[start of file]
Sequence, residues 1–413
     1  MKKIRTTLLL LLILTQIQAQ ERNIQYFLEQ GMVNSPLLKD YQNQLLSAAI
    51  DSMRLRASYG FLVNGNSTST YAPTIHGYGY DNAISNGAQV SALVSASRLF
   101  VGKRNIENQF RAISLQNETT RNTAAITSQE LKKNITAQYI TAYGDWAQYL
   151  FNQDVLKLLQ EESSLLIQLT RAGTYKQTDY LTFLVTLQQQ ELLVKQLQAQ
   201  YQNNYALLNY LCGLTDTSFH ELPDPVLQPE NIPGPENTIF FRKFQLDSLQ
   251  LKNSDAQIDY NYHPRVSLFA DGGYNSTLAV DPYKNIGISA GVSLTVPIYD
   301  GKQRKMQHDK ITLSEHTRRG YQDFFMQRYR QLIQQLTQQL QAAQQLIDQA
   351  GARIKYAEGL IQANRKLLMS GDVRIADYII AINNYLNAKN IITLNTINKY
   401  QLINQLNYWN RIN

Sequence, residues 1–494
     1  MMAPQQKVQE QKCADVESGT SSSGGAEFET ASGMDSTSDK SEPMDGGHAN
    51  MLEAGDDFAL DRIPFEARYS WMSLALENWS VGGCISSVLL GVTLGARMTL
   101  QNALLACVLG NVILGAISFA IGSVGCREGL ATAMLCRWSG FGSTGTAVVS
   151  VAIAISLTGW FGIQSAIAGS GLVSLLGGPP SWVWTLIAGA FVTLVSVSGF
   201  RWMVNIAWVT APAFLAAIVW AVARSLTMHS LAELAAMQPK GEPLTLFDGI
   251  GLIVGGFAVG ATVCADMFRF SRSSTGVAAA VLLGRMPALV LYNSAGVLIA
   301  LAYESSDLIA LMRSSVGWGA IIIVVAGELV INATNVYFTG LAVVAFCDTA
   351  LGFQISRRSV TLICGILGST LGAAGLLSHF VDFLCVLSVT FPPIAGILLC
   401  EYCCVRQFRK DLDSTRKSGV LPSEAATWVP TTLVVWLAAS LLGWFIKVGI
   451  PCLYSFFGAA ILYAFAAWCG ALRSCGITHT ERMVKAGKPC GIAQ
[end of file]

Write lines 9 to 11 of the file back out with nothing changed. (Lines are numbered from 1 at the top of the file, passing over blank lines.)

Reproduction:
   351  GARIKYAEGL IQANRKLLMS GDVRIADYII AINNYLNAKN IITLNTINKY
   401  QLINQLNYWN RIN

Sequence, residues 1–494